The greater Horn of Africa—including Djibouti, Eritrea, Ethiopia, Kenya, Somalia, Sudan, and Uganda—is a region of strategic importance. It is also a region in crisis.
Tensions along the heavily militarized Ethiopian-Eritrean border escalated in late 2005 as Eritrea imposed new restrictions on the movement of the UN peacekeeping mission mandated to monitor the demilitarized zone established by the 2000 Algiers Agreement. These heightened border tensions, along with internal political turmoil in Ethiopia, increasing political repression in Eritrea, and recent developments in Somalia raise the likelihood of heightened instability in the Horn of Africa that could lead to significant loss of life.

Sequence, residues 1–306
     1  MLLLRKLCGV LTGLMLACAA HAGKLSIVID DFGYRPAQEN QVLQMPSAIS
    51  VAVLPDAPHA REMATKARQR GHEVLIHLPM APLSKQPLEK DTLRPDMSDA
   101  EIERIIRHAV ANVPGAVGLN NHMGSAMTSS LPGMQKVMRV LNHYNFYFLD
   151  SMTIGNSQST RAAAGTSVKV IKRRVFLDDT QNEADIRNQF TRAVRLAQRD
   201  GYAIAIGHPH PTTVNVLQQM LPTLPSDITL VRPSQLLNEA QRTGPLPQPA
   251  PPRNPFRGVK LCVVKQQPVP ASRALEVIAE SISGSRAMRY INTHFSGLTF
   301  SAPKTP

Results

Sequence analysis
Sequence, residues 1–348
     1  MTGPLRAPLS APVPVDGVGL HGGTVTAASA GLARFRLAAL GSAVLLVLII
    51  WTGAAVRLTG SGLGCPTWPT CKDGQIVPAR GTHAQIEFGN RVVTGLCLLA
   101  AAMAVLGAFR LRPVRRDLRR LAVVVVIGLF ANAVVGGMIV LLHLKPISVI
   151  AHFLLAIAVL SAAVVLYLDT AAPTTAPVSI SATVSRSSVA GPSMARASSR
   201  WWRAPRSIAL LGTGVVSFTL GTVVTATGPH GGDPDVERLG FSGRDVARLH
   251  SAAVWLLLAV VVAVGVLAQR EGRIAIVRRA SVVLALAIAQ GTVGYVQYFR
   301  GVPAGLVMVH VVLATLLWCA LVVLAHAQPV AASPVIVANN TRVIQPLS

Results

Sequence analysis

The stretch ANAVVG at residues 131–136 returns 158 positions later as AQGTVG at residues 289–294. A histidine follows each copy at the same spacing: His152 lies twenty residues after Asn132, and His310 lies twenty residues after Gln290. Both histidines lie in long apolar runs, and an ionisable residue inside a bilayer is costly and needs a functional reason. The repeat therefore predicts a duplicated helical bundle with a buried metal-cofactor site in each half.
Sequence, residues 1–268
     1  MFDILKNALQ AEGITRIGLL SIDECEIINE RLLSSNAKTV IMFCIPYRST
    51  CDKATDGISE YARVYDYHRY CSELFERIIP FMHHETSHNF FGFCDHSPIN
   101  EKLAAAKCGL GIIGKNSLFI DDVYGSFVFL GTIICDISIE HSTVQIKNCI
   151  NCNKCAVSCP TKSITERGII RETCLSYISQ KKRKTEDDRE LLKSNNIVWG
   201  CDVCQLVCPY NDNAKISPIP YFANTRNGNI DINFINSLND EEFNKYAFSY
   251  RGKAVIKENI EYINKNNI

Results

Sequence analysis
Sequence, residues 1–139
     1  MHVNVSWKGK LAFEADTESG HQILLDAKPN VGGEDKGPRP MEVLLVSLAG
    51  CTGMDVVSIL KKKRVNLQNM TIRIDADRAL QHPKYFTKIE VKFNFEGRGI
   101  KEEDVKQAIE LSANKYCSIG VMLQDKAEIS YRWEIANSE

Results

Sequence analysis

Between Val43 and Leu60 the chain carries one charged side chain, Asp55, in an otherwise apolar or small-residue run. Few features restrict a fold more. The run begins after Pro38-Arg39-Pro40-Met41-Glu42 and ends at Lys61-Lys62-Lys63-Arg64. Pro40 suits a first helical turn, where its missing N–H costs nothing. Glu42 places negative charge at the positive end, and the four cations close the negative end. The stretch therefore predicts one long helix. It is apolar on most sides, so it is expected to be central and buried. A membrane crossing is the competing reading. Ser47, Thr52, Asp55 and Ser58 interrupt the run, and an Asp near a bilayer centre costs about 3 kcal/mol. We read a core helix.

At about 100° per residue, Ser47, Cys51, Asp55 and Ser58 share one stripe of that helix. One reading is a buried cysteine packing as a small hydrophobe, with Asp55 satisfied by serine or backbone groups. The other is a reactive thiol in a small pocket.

Avoiding Conflict in the Horn of Africa: U.S. Policy Toward Ethiopia and Eritrea, commissioned by the Council’s Center for Preventive Action and written by Terrence Lyons, presents a full picture of what is going on in this neglected part of the world and suggests what the United States needs to do to address the multiple challenges to stability. The report calls for a dialogue with Ethiopia and Eritrea to resolve the border conflict, something that would also contribute to stability in Somalia. The case for trying is a good one, as the report makes clear that failure to resolve the Ethiopian-Eritrean dispute could exacerbate governance, health, and humanitarian problems, and set back U.S. efforts to fight terrorists increasingly drawn to the area.
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